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Harley-Davidson President and CEO Jim Ziemer, Harley-Davidson Annual Report, 2007

My latest interactions column, Ships in the Night (Part I): Design Without Research? has just been published.

While user-research-eschewing Apple is everyone’s poster child for “design for yourself,” I find Harley-Davidson to be a more compelling example (although I may be comparing Apple(s) and oranges). At Harley, Willie G. Davidson is the grandson of the original Davidson. Senior vice president and chief styling officer, he is known as Willie G. And he looks exactly like a guy who rides a Harley: big, bearded, and leather-clad. If we judge a bike by its fairing, the designer is the customer. That’s part of the Harley brand: In a recent Harley-Davidson annual report, executives appear next to their bikes, and we know that they all ride. A crucial part of Willie G.’s role is to preserve the legacy of the brand; the company communicates that it is (and always has been) part of the culture for which it’s designing. People at Harley, we believe, use the products and live the lifestyle. But underneath it all is a sense that Harley-Davidson, through its history, has created the brand (i.e., the products and their meaning) in partnership with its customers. For all the tribal connectedness Apple has facilitated, the company itself is not a participant. It is a benefactor.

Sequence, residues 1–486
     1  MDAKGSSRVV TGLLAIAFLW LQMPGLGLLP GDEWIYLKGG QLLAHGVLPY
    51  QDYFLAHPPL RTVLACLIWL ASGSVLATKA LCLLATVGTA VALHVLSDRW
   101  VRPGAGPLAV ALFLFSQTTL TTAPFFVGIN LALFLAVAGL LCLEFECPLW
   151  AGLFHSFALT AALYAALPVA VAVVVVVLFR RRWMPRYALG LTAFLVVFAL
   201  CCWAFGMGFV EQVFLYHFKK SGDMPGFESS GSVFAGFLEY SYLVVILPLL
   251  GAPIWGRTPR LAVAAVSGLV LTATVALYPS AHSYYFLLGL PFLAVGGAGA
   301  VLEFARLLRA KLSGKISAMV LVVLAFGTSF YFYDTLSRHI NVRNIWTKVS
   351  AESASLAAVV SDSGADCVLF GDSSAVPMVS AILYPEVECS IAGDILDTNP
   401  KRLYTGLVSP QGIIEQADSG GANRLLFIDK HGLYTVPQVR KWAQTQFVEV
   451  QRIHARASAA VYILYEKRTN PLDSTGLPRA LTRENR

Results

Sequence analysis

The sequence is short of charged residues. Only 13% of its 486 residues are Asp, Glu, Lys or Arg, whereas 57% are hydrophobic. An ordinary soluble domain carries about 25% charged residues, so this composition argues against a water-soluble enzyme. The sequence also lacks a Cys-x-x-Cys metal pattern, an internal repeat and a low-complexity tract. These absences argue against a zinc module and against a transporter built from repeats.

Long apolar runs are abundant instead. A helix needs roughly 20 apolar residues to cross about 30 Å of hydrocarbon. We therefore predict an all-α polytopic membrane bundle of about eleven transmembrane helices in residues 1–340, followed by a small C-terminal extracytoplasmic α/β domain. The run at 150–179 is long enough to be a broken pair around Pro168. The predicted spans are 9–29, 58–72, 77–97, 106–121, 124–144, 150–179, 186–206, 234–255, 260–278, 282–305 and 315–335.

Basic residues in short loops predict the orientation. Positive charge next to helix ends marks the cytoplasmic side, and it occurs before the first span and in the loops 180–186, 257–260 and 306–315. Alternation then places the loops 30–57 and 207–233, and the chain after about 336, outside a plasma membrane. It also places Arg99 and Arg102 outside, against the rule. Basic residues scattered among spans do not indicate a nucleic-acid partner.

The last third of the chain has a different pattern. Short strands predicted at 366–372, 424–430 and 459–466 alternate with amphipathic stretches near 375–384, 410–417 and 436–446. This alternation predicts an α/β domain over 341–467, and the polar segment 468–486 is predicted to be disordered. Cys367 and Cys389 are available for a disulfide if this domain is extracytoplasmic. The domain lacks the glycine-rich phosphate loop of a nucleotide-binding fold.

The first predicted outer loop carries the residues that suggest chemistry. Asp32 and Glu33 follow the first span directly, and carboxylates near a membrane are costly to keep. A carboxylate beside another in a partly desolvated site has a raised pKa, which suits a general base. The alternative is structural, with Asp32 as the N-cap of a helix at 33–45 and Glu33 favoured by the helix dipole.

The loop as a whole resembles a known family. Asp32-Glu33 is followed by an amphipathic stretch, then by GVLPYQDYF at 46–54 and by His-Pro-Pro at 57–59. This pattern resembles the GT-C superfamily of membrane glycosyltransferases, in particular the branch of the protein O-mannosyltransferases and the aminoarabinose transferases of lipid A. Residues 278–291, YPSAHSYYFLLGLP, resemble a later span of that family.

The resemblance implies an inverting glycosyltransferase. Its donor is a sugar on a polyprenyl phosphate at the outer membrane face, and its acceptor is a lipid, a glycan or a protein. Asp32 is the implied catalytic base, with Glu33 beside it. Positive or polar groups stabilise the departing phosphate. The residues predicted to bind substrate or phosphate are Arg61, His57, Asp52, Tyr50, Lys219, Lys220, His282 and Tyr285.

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Related: Steve Portigal speaks at User Research Friday – Design and Research, Ships in the Night?

Update: Ships in the Night (Part II): Research Without Design? is now available

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